The "one crazy night" formula fits perfectly with Halloween but Fun Size struggles to find interesting material for its eclectic ensemble. Unlike many of the young actresses who have previously collaborated with Schwartz Justice seems unable to crack his voice and comedic style. She's too hip to too aware to play someone struggling with high school. The material doesn't serve her or Levy either; off-color jokes and a bizarre sense of entitlement turn them into two people you don't want to see succeed. Luckily for the audience during their sweeping search for Albert Wren and April cross paths with two true nerd-looking boys: Roosevelt (Thomas Mann) and Peng (Osric Chau) who along with feeling like real teenagers actually land a joke or two.
Interwoven into this speedy adventure — Fun Size clocks in at a little over 75 minutes giving little time to flesh out our teenage heroes — is Albert's encounter with a convenience store clerk named Fuzzy. The adults of Fun Size see the ten-year-old Albert as a parter-in-crime rather than a lost little boy. Fuzzy recruits him for a raid on his ex-girlfriend's house; after running away he meets a lady who brings him to a nightclub. At one point a sleazebag kidnaps Albert and locks him in his bedroom. If Fun Size were madcap it may all make sense. Instead things just happen — and it's not hilarious scary or even deranged.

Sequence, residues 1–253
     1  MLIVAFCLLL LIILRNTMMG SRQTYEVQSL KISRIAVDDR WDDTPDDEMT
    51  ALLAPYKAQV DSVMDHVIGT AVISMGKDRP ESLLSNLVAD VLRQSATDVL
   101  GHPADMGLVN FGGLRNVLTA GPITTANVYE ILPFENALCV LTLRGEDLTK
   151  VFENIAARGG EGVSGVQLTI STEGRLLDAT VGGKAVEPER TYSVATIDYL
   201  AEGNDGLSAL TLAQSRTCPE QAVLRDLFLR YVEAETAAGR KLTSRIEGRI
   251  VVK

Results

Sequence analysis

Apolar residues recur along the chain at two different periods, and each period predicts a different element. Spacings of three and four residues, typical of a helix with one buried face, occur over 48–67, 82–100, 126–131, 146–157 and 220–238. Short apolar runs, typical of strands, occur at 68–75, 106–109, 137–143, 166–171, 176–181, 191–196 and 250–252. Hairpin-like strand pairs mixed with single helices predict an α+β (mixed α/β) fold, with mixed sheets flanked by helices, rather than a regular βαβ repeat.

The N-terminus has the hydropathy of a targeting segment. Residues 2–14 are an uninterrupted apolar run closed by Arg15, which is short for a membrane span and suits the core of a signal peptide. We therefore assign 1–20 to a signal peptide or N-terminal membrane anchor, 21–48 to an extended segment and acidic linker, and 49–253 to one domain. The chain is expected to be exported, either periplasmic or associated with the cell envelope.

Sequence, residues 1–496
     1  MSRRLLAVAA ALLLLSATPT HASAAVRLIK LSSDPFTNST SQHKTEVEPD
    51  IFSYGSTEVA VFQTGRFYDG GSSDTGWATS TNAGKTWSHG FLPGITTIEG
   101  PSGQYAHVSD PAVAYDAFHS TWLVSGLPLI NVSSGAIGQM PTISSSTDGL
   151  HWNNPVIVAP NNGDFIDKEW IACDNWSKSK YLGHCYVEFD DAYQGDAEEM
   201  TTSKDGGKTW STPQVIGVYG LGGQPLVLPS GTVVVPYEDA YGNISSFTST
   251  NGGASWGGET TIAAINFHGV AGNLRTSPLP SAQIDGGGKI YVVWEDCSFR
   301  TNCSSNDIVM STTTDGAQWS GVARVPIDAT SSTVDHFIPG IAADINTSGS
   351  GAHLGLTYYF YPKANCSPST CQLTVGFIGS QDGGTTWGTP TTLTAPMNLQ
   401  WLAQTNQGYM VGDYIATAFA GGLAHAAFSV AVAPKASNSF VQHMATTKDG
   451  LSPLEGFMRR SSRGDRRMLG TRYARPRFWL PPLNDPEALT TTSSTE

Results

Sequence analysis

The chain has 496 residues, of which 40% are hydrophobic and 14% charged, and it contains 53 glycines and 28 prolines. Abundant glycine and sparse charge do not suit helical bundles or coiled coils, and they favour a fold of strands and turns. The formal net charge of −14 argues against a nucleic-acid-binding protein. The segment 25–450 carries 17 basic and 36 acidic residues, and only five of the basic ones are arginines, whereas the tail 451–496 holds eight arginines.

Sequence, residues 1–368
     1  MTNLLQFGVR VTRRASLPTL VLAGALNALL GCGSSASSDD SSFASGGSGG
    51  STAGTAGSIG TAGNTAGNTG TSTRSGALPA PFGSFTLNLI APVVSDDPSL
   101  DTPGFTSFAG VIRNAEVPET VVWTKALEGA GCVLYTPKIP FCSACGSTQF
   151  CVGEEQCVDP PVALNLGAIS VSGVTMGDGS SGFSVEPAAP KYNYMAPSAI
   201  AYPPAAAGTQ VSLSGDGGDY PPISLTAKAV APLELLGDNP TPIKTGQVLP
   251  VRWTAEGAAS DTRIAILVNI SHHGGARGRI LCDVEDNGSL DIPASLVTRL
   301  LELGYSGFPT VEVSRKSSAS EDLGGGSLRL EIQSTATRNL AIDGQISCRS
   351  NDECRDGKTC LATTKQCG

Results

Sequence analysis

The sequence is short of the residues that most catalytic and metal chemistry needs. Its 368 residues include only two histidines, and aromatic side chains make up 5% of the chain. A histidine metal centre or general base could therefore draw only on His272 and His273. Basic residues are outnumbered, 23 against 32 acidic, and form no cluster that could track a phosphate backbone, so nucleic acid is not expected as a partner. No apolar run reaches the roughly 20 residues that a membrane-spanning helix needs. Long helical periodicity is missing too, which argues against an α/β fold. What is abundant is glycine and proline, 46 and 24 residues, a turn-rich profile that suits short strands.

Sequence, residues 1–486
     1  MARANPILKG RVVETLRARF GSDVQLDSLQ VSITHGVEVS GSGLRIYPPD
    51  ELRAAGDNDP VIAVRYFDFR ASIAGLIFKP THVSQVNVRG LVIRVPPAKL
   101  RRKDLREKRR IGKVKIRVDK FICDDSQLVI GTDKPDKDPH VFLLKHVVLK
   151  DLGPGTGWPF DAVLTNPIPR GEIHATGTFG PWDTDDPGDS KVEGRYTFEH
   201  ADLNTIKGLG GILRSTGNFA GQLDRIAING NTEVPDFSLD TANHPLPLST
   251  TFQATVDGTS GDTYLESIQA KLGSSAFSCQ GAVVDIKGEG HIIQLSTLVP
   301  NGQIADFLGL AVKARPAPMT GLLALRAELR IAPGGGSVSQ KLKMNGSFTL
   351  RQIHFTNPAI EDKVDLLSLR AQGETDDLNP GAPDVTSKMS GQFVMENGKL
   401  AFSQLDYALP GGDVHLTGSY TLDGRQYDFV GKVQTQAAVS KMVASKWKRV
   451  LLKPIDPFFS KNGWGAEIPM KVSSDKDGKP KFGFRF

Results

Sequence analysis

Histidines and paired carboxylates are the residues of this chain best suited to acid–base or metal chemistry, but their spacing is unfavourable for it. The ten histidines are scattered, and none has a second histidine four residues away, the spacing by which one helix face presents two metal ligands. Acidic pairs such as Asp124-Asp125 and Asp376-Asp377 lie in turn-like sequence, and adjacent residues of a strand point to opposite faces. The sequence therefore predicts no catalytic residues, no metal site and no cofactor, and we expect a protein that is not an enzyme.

Nick's '90s sitcom Pete & Pete created an amazing sense of weirdness and heart in its exploits of two teenage brothers. Anyone could watch and enjoy it. Fun Size has a beautiful look (the colors of Halloween are mesmerizing) and Schwartz as always has impeccable soundtrack tastes but when it comes to telling a story that feels both relatable and wonderfully weird — what Pete & Pete did so well — the movie falls flat. It's stereotype humor (the movie packs many a fat and gay joke) doesn't cut it — when paired to Nick's best efforts the movie lives up to the title: a bite-size portion of a bigger better cinematic sweet.
"What do you know about him?"
"You should as afraid of him as I am."
Cue: menacing shot of bad guy Bane.
There's been no shortage of footage from the upcoming The Dark Knight Rises in the past few weeks, but that doesn't mean the whole movie has been laid out. Far from it. Every passing trailer and TV spot for the latest installment of Christopher Nolan's Batman franchise has been about mood, a sense of dread that builds in anticipation of a hero confronting his ultimate adversary. For Bruce Wayne in The Dark Knight Rises, that opponent is the muscled hellbeast Bane, a muffled terrorist who strikes fear into the hearts of those who cross his path — even a crafty criminal like Catwoman.